Mudslides bring I-70 traffic through Aspen with more rain predicted
The closure of Interstate 70 through Glenwood Canyon all day Wednesday flushed a steady stream of traffic through Aspen and up Independence Pass, law enforcement officials said.
Aspen Police Sgt. Terry Leitch said the traffic heading east through Aspen looked like rush hour for the entire day.
“What we usually see between 7:30 (a.m.) and 10 and from 3:30 (p.m.) to 5, that was all day long,” he said. “We have a constant flow going up and through town.”
Traffic heading out of town also was heavy all day, though he said downvalley traffic was like that before the Glenwood Canyon closure.
Colorado Department of Transportation employees were posted at the Pitkin County and Lake County sides of Independence Pass to guard against semi-trucks and other vehicles longer than 35-feet sneaking up the narrow road and snarling traffic, Letich said. Still, one oversized vehicle — it wasn’t clear Wednesday afternoon exactly what it was — made it up the Pass and stopped traffic in the early afternoon, he said.
Deputies with the Pitkin County Sheriff’s Office had to go up to the area and help the vehicle back down out of the narrow area and turn around, Leitch said. A call to the Sheriff’s Office seeking more information Wednesday afternoon was not returned.
Rainstorms in the high country caused mudslides Tuesday in five spots on the interstate in Glenwood Canyon, according to CDOT news releases. In addition, three mudslides Tuesday reduced Highway 133 near McClure Pass south of Carbondale to one lane of alternating traffic Wednesday, while two slides near the top of Independence Pass on the Lake County side caused issues Tuesday evening.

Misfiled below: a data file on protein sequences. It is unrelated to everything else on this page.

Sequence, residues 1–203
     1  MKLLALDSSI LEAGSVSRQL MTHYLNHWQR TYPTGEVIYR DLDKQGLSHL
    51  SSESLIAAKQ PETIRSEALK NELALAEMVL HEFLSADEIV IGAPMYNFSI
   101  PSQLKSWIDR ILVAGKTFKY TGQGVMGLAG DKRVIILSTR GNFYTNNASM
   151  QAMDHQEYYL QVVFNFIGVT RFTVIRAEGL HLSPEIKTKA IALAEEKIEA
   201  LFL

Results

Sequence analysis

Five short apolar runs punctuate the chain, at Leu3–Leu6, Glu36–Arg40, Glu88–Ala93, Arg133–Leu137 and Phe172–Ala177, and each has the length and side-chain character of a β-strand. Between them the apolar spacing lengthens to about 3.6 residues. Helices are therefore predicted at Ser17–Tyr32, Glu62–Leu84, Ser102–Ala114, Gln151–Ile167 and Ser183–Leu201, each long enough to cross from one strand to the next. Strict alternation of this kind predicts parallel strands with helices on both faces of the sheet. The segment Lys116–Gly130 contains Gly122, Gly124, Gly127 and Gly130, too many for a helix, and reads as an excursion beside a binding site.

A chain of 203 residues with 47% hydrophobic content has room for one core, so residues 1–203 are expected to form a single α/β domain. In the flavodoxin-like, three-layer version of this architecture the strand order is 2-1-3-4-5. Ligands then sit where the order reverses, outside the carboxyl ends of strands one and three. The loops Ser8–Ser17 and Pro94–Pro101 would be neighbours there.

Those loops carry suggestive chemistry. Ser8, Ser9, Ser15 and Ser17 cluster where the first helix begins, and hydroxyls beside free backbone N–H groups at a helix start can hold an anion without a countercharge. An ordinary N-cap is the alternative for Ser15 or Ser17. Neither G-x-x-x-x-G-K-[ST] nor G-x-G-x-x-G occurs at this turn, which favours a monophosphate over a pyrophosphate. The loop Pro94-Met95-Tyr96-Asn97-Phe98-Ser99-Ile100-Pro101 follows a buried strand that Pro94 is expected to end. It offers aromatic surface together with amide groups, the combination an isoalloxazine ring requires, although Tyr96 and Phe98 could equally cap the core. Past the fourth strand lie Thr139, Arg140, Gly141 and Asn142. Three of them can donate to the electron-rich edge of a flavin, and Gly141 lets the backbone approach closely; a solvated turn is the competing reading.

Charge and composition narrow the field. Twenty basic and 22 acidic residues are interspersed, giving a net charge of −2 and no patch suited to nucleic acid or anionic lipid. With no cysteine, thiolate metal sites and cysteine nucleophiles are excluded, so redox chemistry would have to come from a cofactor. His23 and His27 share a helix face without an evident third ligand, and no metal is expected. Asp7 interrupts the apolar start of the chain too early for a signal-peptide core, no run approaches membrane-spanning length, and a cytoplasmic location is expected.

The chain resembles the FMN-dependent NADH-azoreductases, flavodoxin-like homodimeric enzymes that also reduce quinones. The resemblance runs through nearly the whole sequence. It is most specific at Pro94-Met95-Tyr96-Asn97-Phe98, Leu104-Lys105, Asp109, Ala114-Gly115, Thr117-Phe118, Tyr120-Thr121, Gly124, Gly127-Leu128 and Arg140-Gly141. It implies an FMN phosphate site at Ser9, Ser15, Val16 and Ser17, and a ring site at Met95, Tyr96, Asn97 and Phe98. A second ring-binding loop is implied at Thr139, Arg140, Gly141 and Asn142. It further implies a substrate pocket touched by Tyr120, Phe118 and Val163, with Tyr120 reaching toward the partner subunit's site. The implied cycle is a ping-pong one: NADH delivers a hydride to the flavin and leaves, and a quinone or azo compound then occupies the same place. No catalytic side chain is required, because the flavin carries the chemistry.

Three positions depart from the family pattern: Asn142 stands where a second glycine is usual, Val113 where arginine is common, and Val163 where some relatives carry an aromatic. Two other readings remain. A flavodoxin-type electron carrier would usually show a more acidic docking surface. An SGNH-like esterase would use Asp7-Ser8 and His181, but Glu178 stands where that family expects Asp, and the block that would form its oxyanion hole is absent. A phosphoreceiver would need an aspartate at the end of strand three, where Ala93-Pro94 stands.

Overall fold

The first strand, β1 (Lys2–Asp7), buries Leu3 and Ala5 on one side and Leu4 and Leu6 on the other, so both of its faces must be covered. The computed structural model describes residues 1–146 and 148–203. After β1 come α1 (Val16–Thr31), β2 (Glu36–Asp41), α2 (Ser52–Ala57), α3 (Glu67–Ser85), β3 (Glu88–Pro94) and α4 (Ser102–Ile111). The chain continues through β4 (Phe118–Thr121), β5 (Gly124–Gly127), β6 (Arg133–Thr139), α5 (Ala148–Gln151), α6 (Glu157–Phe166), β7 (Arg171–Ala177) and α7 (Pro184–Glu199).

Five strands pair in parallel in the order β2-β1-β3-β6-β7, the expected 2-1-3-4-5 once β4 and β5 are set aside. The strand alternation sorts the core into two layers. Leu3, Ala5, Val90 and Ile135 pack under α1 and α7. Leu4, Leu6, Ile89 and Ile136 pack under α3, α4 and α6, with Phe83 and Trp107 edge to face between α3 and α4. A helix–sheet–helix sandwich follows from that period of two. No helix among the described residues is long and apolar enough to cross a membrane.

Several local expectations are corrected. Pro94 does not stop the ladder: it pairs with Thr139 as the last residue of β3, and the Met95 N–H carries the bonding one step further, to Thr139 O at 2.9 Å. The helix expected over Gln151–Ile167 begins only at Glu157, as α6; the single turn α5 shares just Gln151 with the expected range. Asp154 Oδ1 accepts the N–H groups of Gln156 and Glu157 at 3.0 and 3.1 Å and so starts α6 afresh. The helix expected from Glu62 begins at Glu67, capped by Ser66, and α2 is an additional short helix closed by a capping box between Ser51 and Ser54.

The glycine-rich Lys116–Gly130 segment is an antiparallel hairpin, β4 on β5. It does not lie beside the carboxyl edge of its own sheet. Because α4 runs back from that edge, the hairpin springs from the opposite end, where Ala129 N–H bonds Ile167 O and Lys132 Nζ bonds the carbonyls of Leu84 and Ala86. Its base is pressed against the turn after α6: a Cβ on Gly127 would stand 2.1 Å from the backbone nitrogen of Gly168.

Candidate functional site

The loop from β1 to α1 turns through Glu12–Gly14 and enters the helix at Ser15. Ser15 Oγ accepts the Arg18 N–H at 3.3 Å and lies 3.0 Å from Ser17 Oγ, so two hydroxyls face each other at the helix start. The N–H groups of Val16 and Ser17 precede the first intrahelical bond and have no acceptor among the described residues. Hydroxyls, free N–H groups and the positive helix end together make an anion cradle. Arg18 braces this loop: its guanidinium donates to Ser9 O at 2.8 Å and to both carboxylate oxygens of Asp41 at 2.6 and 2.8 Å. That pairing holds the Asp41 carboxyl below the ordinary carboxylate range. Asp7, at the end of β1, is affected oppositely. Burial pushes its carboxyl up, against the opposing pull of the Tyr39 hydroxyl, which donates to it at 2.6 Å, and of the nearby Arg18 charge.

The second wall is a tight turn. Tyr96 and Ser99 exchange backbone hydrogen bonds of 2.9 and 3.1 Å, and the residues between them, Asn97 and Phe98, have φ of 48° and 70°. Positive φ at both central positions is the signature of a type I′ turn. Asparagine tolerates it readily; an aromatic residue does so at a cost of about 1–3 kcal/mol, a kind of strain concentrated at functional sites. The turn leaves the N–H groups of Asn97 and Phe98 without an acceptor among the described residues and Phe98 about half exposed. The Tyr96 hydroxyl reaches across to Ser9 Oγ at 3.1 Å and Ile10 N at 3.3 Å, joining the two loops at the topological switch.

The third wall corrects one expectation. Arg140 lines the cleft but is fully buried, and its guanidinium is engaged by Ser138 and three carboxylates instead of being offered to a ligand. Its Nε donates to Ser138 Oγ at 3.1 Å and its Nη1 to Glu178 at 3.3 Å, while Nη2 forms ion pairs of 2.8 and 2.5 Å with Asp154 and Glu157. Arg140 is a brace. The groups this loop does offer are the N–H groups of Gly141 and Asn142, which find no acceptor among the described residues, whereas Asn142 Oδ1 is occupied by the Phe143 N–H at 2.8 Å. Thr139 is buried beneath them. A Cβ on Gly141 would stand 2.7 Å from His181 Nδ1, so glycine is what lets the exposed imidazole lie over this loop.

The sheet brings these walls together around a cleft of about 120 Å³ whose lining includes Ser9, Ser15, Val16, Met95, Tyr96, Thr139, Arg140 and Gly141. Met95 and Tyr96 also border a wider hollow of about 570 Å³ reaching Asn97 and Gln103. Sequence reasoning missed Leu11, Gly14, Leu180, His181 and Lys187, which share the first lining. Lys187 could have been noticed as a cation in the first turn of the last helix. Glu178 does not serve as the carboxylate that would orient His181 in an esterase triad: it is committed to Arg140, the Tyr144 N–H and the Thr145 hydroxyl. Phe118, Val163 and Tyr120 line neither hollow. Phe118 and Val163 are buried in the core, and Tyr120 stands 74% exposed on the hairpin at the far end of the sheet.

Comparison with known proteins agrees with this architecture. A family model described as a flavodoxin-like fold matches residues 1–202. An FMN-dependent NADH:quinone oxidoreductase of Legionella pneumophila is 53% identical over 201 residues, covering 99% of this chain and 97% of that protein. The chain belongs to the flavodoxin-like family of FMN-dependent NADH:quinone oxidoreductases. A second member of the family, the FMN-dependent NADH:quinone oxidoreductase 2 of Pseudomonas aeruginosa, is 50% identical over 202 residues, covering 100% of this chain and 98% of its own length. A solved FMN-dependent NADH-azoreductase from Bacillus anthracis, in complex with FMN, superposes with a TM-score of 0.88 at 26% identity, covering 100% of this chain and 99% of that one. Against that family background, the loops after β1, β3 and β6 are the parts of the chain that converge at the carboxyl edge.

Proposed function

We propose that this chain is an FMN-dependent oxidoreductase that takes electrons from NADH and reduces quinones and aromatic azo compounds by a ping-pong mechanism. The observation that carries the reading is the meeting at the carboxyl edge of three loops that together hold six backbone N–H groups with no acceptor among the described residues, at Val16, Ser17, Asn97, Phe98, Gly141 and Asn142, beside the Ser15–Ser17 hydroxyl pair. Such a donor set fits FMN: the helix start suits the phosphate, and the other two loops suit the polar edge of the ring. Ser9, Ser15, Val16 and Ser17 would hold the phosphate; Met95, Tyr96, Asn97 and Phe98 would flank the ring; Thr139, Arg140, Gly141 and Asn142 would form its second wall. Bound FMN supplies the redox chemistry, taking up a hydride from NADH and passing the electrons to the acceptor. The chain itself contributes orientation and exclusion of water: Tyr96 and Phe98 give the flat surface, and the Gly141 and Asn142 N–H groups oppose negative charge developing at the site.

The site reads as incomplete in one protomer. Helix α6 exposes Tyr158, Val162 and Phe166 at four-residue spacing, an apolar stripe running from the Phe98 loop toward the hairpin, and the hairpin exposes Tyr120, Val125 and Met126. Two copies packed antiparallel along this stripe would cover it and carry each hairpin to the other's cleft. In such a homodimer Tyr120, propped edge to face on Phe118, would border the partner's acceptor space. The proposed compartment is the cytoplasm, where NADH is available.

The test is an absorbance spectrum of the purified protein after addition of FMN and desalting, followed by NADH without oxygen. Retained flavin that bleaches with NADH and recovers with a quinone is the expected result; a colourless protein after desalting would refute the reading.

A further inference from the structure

The slides near the top of the Pass were each about 20 feet long and four feet deep, according to a CDOT maintenance supervisor who was on scene. Despite previous warnings, Independence Pass was never closed Tuesday, the supervisor said.
Glenwood Canyon closed about 8:45 p.m. Tuesday after the five separate mudslides and opened late Wednesday night.
A CDOT news release warned of “the monsoon season in full effect during the next 7-10 days” with slow-moving storms and the possibility of significant rain in wildfire burn scars across the state, including the Grizzly Creek Fire scar in Glenwood Canyon.
The National Weather Service forecast says the monsoonal moisture in western Colorado will mean “daily scattered to numerous showers and thunderstorms” through the weekend. “Localized flash flooding will be possible in response to heavy rains and saturated soils,” according to the NWS hazardous weather outlook.
Transportation officials are closing I-70 through the canyon when a flash flood warning is in effect in the area because of concerns from the 2020 wildfire, which burned more than 32,600 acres around the canyon.
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